Thomas Woodrow Wilson (December 28, 1856 – February 3, 1924) was the 28th President of the United States. A leader of the Progressive Movement, he served as President of Princeton University from 1902 to 1910, and then as the Governor of New Jersey from 1911 to 1913. With Theodore Roosevelt and William Howard Taft dividing the Republican Party vote, Wilson was elected President as a Democrat in 1912. He is the only U.S. President to hold a Ph.D. degree, which he obtained from Johns Hopkins University.
In his first term, Wilson persuaded a Democratic Congress to pass the Federal Reserve Act, Federal Trade Commission Act, the Clayton Antitrust Act, the Federal Farm Loan Act and America's first-ever federal progressive income tax in the Revenue Act of 1913. Wilson brought many white Southerners into his administration, and tolerated their expansion of segregation in many federal agencies.
Narrowly re-elected in 1916, Wilson's second term centered on World War I. He based his re-election campaign around the slogan "he kept us out of war", but U.S. neutrality was challenged in early 1917 when the German government proposed to Mexico a military alliance in a war against the U.S., and began unrestricted submarine warfare, sinking, without warning, every American merchant ship its submarines could find. Wilson in April 1917 asked Congress to declare war.
He focused on diplomacy and financial considerations, leaving the waging of the war primarily in the hands of the Army. On the home front in 1917, he began the United States' first draft since the American Civil War, raised billions of dollars in war funding through Liberty Bonds, set up the War Industries Board, promoted labor union growth, supervised agriculture and food production through the Lever Act, took over control of the railroads, enacted the first federal drug prohibition, and suppressed anti-war movements. He did not encourage the wave of anti-German sentiment sweeping the country in 1917-18, but did nothing to stop it.
In the late stages of the war, Wilson took personal control of negotiations with Germany, including the armistice. He issued his Fourteen Points, his view of a post-war world that could avoid another terrible conflict. He went to Paris in 1919 to create the League of Nations and shape the Treaty of Versailles, with special attention on creating new nations out of defunct empires. Largely for his efforts to form the League, he was awarded the Nobel Peace Prize. In 1919, during the bitter fight with the Republican-controlled Senate over the U.S. joining the League of Nations, Wilson collapsed with a debilitating stroke. He refused to compromise, effectively destroying any chance for ratification. The League of Nations was established anyway, but the United States never joined.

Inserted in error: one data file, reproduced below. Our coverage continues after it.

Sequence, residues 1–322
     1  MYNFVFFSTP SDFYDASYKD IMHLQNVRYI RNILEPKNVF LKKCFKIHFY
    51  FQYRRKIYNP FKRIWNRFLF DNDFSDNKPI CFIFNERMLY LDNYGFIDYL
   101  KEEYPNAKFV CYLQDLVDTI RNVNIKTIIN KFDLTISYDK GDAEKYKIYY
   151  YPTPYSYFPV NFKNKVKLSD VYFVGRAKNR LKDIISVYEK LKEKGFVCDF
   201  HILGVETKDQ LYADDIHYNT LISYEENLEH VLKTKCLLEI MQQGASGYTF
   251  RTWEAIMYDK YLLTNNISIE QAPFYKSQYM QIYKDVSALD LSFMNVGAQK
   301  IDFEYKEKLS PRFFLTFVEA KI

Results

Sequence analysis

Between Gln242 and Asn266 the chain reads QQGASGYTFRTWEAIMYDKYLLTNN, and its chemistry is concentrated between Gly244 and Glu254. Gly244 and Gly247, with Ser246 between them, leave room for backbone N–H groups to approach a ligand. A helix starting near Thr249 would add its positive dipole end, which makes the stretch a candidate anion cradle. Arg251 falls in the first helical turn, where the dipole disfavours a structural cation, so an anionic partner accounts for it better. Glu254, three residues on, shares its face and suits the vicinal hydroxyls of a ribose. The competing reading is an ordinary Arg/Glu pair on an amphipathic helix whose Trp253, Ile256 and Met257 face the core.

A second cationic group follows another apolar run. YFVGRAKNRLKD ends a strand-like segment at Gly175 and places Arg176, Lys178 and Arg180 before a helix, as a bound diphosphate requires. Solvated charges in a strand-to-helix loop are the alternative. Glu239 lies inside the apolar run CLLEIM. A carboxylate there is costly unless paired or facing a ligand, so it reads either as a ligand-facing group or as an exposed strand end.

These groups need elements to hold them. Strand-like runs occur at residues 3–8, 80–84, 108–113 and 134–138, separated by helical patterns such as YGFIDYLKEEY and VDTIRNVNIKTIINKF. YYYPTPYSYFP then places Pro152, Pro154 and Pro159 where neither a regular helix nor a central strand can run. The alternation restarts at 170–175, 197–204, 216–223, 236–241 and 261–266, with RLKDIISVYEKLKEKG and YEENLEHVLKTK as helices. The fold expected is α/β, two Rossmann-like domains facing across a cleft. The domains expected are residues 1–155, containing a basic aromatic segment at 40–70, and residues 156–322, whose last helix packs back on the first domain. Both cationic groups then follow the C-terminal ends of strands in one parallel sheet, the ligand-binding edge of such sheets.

A Presbyterian of deep religious faith, he appealed to a gospel of service and infused a profound sense of moralism into his idealistic internationalism, now referred to as "Wilsonianism". Wilsonianism calls for the United States to enter the world arena to fight for democracy, and has been a contentious position in American foreign policy. Because of his leadership in World War I, he is frequently ranked as one of the greatest U.S. Presidents. 
Wilson was born in Staunton, Virginia on December 28, 1856 as the third of four children of Reverend Dr. Joseph Ruggles Wilson (1822–1903) and Jessie Janet Woodrow (1826–1888). His ancestry was Scottish and Scots-Irish. His paternal grandparents immigrated to the United States from Strabane, County Tyrone, Ireland (now Northern Ireland), in 1807. His mother was born in Carlisle, UK, the daughter of Rev. Dr. Thomas Woodrow, born in Paisley, Scotland and Marion Williamson from Glasgow. His grandparents' whitewashed house has become a tourist attraction in Northern Ireland.